But knowing how to navigate a protest (or rally, demonstration, or march, or direct action) can be overwhelming if you’ve never done it before. After attending dozens of demonstrations in the nation’s capital, I’ve learned a few lessons along the way. Here are some guidelines that you can use to create your own protest toolkit and help you get the most of your protest experience. (Be sure to also wear a mask to protect yourself from COVID-19.
GUIDELINES FOR SAFE PROTESTING
We know that many of our members, comrades, and allies feel compelled to join the rebellions and protests springing up across the country right now, in response to the ongoing police violence and murders against black and brown people. DSA-LA has compiled a list of short tips for comrades to protest as safely as possible.
ACLU: PROTESTOR’S RIGHTS
The First Amendment protects your right to assemble and express your views through protest. However, police and other government officials are allowed to place certain narrow restrictions on the exercise of speech rights. Make sure you’re prepared by brushing up on your rights before heading out into the streets.
Click here to access the resource list compiled by the BRIC.
#BlackLivesMatter’s mission is to eradicate white supremacy and build local power to intervene in violence inflicted on Black communities by the state and vigilantes. By combating and countering acts of violence, creating space for Black imagination and innovation, and centering Black joy, we are winning immediate improvements in our lives.
Color Of Change is the nation’s largest online racial justice organization. By designing strategies powerful enough to fight racism and injustice—in politics and culture, in the work place and the economy, in criminal justice and community life, and wherever they exist—we are changing both the written and unwritten rules of society. We mobilize our members to end practices and systems that unfairly hold Black people back, and champion solutions that move us all forward.
Reclaim the Block began in 2018 and organizes Minneapolis community and city council members to move money from the police department into other areas of the city’s budget that truly promote community health and safety. We believe health, safety and resiliency exist without police of any kind. We organize around policies that strengthen community-led safety initiatives and reduce reliance on police departments. We do not believe that increased regulation of or public engagement with the police will lead to safer communities, as community testimony and documented police conduct suggest otherwise.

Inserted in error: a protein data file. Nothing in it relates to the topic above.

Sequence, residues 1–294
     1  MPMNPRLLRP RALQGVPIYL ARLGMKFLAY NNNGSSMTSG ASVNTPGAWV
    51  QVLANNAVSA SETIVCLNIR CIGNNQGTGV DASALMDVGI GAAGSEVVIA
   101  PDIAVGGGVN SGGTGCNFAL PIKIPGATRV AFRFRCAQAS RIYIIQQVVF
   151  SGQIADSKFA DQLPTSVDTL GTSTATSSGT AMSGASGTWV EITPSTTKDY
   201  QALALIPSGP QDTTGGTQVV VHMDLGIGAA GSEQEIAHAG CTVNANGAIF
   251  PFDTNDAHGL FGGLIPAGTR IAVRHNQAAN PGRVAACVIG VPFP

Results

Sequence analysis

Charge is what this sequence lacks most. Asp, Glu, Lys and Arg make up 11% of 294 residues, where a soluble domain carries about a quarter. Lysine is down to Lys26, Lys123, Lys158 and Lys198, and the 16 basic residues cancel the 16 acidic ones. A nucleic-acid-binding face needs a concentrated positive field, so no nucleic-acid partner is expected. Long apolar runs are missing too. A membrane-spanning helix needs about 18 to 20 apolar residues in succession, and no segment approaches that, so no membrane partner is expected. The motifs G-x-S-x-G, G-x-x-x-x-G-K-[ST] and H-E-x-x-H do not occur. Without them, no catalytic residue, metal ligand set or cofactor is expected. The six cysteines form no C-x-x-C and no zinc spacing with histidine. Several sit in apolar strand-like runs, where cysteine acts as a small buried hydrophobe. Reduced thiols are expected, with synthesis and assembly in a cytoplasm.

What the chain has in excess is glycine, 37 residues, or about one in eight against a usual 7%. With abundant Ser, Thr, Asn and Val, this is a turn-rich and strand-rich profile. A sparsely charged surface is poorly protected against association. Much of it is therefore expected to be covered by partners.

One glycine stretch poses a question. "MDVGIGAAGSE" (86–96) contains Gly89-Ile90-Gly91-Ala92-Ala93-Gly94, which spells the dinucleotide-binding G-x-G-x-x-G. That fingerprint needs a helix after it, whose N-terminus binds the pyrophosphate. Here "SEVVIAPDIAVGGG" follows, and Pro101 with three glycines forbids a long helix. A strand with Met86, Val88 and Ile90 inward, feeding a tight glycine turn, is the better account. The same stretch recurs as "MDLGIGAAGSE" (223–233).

Founded in 1981, Race Forward brings systemic analysisand an innovative approach to complex race issues to help people take effective action toward racial equity. Founded in 2002, CSI catalyzes community, government, and other institutions to dismantle structural racial inequity and create equitable outcomes for all. In 2017, Race Forward united with Center for Social Inclusion to become the new Race Forward.
Race Forward is home to the Government Alliance on Race and Equity (GARE), a national network of local government working to achieve racial equity and advance opportunities for all. Race Forward publishes the daily news site Colorlines and presents Facing Race, the country’s largest multiracial conference on racial justice.
Since 2017, Black Visions Collective, has been putting into practice the lessons learned from organizations before us in order to shape a political home for Black people across Minnesota. We aim to center our work in healing and transformative justice principles, intentionally develop our organizations core “DNA” to ensure sustainability, and develop Minnesota’s emerging Black leadership to lead powerful campaigns. By building movements from the ground up with an integrated model, we are creating the conditions for long term success and transformation.
Black Visions Collective envisions a world in which ALL Black Lives Matter. We use the guidance and brilliance of our ancestors as well as the teachings of our own experiences to pursue our commitment to dismantling systems of oppression and violence. We are determined in our pursuit of dignity and equity for all.
The Audre Lorde Project is a Lesbian, Gay, Bisexual, Two Spirit, Trans and Gender Non Conforming People of Color center for community organizing, focusing on the New York City area. Through mobilization, education and capacity-building, we work for community wellness and progressive social and economic justice. Committed to struggling across differences, we seek to responsibly reflect, represent and serve our various communities.